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Anyone interested in better grasping the meaning of labour law, and positing it within a realist perspective, should be acquainted with Harry Arthurs’ knowledgeable, creative and astute body of work. The idea that the existence of choice does not necessarily entail the absence of duress, examined and disseminated by Robert Hale in the early 1920s, contributed to found the Realist school of law, which has since impregnated the culture of generations of labour (law) scholars. The Daunting Enterprise of the Law – Essays in Honour of Harry W. Arthurs is a tribute to Harry Arthurs’ characteristically comprehensive view of the factors deemed pertinent to legal analysis and, by ricochet, to the influence of this school in Canada.
Twenty-eight scholars celebrate Arthurs’ work in this collection of essays engaging with thoughtful questions about legal education, legal theory, as well as the transformation of labour law and political economy. They judiciously reveal Arthurs’ commitment to social justice and legal pluralism against universalism or, more particularly, against globalization and neoliberalism. Against this background, the book offers a satisfactory description of the key proposal to reconceptualize labour law as the “law of economic subordination and resistance”, while taking stock of the demise of traditional industrial relations systems. On the ideological level, as summarized by David Trubek, this reconceptualization should follow the development of a new political economy, with a view to achieving “growth with equity in both the North and South”.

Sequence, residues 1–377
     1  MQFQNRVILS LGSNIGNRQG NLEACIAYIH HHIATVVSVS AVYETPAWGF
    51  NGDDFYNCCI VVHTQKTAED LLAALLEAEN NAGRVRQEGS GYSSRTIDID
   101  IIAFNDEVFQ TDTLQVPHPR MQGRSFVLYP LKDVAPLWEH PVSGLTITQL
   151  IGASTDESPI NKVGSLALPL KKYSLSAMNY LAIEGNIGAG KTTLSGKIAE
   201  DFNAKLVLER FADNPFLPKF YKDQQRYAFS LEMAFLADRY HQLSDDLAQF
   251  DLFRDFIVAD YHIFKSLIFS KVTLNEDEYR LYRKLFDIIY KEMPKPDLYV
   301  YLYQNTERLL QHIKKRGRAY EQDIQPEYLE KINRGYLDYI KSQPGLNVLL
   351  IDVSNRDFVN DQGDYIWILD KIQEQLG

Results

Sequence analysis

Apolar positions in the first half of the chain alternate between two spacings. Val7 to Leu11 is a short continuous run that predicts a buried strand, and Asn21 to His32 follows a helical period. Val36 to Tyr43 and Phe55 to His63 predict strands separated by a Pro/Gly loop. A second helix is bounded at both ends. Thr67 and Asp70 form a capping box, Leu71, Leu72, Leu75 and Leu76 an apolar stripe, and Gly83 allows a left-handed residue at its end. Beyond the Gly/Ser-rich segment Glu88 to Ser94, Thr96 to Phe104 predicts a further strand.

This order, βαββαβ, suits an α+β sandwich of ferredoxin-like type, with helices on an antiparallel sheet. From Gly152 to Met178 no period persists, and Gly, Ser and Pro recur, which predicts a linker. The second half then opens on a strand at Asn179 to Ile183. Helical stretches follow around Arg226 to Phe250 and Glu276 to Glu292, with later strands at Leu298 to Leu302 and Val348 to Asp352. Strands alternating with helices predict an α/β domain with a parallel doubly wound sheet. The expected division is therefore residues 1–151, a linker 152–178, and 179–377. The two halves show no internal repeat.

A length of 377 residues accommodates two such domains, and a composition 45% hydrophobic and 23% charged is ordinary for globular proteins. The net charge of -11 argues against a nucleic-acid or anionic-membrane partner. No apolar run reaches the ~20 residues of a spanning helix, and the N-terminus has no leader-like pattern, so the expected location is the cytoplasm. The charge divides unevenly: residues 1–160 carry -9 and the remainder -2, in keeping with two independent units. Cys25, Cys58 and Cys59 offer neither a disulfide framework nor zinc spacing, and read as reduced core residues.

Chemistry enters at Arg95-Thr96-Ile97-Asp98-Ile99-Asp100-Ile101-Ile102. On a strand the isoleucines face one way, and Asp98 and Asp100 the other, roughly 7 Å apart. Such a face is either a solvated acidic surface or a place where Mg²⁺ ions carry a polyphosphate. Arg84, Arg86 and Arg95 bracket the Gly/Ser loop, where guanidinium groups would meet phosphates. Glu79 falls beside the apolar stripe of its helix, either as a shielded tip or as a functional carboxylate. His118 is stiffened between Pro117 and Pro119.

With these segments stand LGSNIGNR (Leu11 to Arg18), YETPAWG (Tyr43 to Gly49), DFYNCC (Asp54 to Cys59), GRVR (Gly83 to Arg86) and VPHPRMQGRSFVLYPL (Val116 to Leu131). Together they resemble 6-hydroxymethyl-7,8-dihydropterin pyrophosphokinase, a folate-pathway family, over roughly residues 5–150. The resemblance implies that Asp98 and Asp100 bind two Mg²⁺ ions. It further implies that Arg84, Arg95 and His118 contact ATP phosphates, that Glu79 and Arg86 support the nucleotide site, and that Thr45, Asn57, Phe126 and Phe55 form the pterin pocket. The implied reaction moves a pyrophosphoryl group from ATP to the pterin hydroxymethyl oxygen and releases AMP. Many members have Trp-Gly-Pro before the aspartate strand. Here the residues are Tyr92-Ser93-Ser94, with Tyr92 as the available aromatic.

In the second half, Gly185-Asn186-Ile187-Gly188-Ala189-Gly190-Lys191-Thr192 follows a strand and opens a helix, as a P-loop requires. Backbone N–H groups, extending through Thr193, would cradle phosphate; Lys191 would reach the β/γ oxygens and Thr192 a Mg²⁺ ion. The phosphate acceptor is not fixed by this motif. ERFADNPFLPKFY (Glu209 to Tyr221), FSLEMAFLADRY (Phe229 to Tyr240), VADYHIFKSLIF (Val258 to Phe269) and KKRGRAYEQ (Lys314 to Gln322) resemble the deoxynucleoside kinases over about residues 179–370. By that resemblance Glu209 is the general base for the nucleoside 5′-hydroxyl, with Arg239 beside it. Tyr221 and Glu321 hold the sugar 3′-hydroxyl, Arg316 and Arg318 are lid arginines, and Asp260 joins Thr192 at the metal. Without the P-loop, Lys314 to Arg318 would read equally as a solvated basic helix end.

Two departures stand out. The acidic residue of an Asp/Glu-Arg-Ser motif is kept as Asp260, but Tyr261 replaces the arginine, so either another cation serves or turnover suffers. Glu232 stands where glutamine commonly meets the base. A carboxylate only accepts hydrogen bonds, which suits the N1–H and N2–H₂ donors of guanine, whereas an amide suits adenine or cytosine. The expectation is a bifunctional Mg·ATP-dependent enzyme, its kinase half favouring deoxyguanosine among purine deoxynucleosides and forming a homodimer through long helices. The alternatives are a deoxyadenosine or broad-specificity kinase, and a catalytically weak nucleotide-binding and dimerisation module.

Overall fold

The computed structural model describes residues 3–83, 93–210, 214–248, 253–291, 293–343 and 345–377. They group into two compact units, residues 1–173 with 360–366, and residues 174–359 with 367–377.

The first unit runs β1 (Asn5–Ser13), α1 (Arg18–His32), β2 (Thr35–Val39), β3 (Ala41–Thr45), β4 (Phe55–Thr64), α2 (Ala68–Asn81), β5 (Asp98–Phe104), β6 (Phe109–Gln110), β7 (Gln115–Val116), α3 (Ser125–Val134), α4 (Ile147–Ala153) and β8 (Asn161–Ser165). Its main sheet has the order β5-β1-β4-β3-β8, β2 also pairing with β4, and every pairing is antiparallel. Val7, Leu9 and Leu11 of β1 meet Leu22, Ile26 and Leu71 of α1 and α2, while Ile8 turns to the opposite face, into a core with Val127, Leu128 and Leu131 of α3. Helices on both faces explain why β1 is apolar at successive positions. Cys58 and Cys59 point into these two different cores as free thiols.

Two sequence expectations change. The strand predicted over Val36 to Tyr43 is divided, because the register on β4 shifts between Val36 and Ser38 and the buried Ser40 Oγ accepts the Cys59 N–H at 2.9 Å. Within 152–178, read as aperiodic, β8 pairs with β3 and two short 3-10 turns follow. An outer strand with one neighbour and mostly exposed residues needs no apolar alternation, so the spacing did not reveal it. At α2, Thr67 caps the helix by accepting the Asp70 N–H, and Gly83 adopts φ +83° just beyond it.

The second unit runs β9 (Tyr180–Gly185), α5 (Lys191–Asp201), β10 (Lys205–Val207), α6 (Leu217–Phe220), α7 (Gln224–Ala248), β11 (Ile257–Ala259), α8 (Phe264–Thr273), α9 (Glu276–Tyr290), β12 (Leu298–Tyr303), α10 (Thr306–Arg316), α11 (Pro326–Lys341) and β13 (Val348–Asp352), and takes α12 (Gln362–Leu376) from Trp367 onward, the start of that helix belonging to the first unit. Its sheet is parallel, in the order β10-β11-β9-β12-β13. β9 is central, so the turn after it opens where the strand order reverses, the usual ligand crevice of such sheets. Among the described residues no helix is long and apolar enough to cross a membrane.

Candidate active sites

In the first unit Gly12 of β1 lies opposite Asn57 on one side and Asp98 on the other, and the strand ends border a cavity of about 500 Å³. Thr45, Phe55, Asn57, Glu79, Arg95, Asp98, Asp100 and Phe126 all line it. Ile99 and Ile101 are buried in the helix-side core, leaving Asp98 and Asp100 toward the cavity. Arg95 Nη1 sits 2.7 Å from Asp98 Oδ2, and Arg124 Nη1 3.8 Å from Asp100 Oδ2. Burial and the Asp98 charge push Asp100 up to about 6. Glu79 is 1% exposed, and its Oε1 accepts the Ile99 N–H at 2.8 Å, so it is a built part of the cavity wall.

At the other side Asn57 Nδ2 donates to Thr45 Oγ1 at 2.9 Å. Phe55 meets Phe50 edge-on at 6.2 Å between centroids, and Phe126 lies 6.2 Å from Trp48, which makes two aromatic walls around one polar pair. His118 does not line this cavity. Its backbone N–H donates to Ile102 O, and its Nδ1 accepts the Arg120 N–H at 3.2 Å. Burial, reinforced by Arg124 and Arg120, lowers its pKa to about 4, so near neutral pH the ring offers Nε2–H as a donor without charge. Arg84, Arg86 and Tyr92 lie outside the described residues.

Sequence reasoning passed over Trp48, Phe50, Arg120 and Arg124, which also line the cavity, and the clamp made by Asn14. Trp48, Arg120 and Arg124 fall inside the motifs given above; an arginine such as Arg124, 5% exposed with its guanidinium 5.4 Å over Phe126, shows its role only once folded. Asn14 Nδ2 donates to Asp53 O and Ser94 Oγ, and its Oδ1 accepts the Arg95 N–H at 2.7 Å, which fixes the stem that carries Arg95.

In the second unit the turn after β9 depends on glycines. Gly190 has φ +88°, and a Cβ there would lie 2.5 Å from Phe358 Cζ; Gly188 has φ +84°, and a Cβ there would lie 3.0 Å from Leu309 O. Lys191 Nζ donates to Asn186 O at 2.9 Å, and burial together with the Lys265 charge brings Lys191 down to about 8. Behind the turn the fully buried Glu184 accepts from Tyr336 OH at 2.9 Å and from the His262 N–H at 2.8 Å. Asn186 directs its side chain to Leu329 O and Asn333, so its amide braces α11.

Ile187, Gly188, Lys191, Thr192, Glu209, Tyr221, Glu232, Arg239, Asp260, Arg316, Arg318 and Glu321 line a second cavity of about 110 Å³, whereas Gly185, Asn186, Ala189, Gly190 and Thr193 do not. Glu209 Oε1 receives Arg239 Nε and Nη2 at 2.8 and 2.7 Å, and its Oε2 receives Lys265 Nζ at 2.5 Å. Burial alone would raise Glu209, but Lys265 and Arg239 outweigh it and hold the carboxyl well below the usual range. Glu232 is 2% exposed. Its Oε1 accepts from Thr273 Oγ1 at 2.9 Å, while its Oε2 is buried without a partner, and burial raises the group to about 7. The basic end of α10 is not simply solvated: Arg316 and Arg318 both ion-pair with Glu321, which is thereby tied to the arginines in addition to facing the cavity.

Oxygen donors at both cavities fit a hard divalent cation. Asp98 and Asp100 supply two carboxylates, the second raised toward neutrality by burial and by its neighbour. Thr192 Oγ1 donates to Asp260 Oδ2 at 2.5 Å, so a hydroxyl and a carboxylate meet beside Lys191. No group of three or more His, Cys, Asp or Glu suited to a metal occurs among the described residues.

It is with respect to this more or less explicit economic agenda that the book, strangely, appears to belong to another era. As if a balance had already been struck between economic growth and sustainability, as if the spirit of traditional consumerism went hand in hand with the bettering of citizens’ lives, as if some solutions to our contemporary problems could not be found within the socket of the liberal order—within the “dangerous dragon” itself. Harry Arthurs’ rich intellectual legacy is yet pointing in the direction of self-questioning curiosity and learned deliberation; for that matter, no one is misled in the final analysis. Paying tribute to a great thinker is surely another daunting enterprise.